12 Board / Council engagement 12 Board of Directors development needs Council of Governors development needs Joint working In thinking about how the Board engages with the Council and governors, we should consider some guiding principles: Governors want to be engaged and to be helpful Governors have got experience and skills which we should use Avoid duplication of work wherever possible Governors have statutory duties that need to be fulfilled Both board members and governors have different roles But have similar goals and interests – the patient

13 Board / Council engagement 13 In designing a programme of engagement that meets these principles and both parties’ needs, we may consider a mixed model of engagement methods. There are several existing opportunities: Board of Directors’ meetings – monthly Board of Directors’ board development sessions – every two months Board of Directors strategy sessions – every two months Board sub-committee meetings (e.g. QRC meetings & seminars, F&P, Workforce) – monthly Council of Governors meetings - quarterly The proposal is that we use the range of these opportunities for both parties: Specific sessions for Board members Specific sessions for governors (Council meetings or seminars) Joint seminars including Board and Council Observation of Board and Board sub-committees

14 14 Board / Council engagement A proposed programme, based on topics of interest raised so far by governors : TopicProposed approach Topics raised by governors as areas of interest: Finance – understanding NHS finances and the trust’s financial plan Additional Council of Governors workshop (April 2015?) Staff experience – staff survey results and bullying and harassment Joint seminar at Board development session (May 2015) (or Workforce committee seminar?) Understanding mortality dataJoint board development session (July 2015) Aligning / triangulating data – patient and staff experience Joint board development session (July 2015) Outpatients – patient experienceJoint board development session (September 2015) How do we deliver the values and customer care?Joint board development session (September 2015) Learning from complaints / incidents / patient feedback Joint QRC seminar (October 2015) Community / Public healthCouncil of Governors workshop (November 2015) Partnerships in health – external relationships and how they support the delivery of quality Council of Governors workshop (November 2015) Equality training / awarenessJoint board development session (January 2016) Workforce planning and profileJoint board strategy session (February 2016) Annual planning – draft annual planJoint board strategy session (February 2016)

15 15 Board / Council engagement Attendance / observation of board sub-committees: Why the need? Enables governors to hold the non-executives to account – observing them in their role as chair / members of board sub-committees How would it work? Attendance in capacity as observer, not participant – though allowed to ask questions at the end at chair’s discretion Maximum attendance at two meetings per year per governor per committee Committees limited to: Quality and Risk Committee Workforce Committee Finance and Performance Committee May need to have two parts to committee meetings to enable confidential discussions, if required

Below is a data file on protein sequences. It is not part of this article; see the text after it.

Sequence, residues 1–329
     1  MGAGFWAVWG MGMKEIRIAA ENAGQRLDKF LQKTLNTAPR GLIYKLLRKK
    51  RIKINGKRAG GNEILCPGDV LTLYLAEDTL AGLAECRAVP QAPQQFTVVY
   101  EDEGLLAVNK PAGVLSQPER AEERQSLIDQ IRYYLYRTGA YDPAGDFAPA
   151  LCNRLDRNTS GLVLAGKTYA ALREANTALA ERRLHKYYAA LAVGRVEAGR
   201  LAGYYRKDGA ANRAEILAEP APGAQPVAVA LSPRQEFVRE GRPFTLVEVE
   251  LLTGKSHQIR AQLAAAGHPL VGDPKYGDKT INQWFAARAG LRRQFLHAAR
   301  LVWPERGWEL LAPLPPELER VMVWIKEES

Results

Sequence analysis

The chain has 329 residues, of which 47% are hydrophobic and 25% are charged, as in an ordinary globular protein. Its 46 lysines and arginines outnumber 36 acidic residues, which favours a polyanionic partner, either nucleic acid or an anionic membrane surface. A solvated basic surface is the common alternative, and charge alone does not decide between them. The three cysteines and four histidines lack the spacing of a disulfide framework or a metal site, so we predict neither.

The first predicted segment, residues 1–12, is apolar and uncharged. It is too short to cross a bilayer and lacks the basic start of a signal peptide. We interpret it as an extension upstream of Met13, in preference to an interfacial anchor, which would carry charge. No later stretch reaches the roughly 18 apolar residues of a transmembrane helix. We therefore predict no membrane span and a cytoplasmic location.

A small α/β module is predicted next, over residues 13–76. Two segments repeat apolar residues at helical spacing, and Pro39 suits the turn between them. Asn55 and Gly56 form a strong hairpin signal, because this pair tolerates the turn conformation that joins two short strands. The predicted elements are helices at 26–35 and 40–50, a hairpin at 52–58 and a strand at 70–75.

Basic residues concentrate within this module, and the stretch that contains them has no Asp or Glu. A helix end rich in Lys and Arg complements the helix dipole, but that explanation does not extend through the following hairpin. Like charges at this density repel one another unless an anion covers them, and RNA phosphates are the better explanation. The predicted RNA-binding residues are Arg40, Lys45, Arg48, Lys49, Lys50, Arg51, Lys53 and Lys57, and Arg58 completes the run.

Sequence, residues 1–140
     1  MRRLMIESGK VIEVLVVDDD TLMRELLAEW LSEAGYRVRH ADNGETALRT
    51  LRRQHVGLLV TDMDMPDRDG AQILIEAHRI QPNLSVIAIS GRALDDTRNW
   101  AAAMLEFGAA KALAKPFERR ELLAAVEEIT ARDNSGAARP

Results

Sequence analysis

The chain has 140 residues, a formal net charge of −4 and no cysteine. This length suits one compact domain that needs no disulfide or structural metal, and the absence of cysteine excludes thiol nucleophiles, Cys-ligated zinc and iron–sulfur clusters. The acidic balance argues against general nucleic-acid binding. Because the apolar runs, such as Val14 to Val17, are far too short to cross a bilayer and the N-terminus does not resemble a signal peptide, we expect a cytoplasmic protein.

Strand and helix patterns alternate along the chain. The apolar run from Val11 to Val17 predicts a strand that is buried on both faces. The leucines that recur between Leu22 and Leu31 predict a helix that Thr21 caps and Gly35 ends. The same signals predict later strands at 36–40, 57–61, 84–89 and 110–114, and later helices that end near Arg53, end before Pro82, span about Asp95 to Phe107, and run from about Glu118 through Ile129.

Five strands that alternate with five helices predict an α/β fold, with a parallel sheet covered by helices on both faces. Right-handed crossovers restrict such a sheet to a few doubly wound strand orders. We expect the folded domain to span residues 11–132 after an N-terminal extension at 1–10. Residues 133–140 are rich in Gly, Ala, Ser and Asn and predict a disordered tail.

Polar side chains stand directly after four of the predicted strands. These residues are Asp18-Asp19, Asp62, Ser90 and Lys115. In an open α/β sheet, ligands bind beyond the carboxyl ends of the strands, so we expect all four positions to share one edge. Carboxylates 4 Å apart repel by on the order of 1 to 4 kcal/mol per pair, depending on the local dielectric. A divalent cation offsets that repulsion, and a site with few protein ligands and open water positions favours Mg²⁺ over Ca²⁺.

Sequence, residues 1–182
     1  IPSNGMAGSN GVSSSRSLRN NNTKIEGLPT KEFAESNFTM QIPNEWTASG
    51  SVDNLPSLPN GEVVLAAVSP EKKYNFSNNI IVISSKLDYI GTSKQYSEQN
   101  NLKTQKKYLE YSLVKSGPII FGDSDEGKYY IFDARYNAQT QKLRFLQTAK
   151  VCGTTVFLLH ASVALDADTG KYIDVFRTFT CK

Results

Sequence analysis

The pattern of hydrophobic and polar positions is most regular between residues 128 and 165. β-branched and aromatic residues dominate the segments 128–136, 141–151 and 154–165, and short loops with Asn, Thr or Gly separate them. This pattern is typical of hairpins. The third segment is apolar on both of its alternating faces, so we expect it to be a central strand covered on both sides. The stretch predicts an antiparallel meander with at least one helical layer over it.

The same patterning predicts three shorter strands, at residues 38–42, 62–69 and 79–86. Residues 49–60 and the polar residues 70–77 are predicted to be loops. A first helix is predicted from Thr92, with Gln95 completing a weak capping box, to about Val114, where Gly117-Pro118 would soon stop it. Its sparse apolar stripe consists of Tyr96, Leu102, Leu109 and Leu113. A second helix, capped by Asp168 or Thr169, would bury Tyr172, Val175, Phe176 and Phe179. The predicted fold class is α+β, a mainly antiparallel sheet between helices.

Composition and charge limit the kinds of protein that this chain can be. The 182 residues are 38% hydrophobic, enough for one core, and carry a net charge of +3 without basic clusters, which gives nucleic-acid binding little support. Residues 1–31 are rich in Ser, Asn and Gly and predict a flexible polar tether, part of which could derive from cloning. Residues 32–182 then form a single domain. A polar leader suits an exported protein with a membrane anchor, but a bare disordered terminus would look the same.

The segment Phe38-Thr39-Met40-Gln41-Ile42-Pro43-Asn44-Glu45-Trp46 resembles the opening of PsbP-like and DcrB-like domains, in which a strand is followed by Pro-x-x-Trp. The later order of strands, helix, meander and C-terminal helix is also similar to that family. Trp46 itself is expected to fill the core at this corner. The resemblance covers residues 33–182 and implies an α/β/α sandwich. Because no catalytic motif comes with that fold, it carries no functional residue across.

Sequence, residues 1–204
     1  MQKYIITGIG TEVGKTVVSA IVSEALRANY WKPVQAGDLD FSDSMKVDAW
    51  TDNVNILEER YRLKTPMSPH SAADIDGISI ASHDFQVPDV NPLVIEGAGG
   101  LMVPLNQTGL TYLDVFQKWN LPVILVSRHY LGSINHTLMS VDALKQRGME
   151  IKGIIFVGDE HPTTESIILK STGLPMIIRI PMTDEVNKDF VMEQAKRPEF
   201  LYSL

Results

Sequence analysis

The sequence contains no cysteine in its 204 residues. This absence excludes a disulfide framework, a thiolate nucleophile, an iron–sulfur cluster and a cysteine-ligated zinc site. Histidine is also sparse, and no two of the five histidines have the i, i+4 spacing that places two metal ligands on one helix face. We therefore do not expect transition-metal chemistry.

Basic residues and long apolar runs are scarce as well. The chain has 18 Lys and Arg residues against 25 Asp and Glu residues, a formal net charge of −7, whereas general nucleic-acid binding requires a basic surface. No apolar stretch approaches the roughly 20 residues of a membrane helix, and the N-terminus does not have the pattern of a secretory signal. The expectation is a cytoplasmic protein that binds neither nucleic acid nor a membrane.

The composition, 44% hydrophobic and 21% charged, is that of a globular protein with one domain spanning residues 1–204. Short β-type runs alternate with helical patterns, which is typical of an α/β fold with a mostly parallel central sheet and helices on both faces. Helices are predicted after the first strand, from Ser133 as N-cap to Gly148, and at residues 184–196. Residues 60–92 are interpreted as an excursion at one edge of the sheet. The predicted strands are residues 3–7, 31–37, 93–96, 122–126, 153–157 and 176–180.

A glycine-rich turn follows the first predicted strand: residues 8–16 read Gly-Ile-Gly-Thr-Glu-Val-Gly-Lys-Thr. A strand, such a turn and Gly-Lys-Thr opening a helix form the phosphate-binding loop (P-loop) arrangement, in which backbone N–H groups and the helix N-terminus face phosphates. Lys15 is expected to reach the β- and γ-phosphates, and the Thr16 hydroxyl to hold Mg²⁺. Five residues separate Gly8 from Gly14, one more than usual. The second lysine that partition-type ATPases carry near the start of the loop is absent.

16 16 Statutory duties Appendix A: Appointments

17 Appointing the Chair and NEDS Guidance: The 2006 Act requires that an NHS foundation trust has non-executive directors. In making appointments, the governors must consider relevant aspects of the trust’s constitution and the Code of Governance, such as: the requirements of the NHS foundation trust’s constitution concerning the number of non- executive directors; the independence of non-executive directors; the balance of skills across the Board; The composition of executive and independent non-executive directors Provisions: Trust constitution: 26.1 “The Council of Governors, at a general meeting […] shall appoint or remove the chairman of the trust and the other non-executive directors” 27.1 “The Council shall appoint the chairman of the applicant trust as the initial chairman of the trust, if he/ she wishes to be appointed” 27.2 “The power of the Council to appoint the other non-executive directors of the trust is to be exercised, so far as possible, by appointing as the initial non-executive directors of the trust any of the non-executive directors of the applicant trust who wish to be appointed” 27.4 “An individual appointed as the chairman or as the initial non-executive director …shall be appointed for the unexpired period of his/her term of office … but if, on appointment, that period is less than 12 months, he / she shall be appointed for 12 months.” 17

18 Appointing the Chair and NEDS Subsequent appointments For each appointment, the Nominations and Remuneration Committee will convene to: Recommend to the Council of Governors approach to appointment (i.e. open competition or re- appointment) Agree a job description and person specification defining the role and capabilities sought Form the interview panel, including: –Chairman –Three governors, one of whom is an appointed governor –Independent external assessor where appropriate Make a recommendation to the Council of Governors for approval of the appointment 18 Non-Executive DirectorsAppt. fromToTerm ChairChristopher Smallwood01/11/201101/02/20161 Non-ExecutiveMichael Rappolt01/09/200401/02/20163 Non-ExecutiveSarah Wilton29/12/201001/02/20162 Non-ExecutiveJudith Hulf01/01/201301/02/20171 Non-ExecutiveStella Pantelides01/01/201301/02/20171 Non-ExecutiveKate Leach01/02/201401/02/20171 Non-Executive (University)Peter Kopelman30/09/201430/09/20182 Council of Governors resolution, meeting 10 th February: To appoint the chairman and non-executive directors, for terms set out below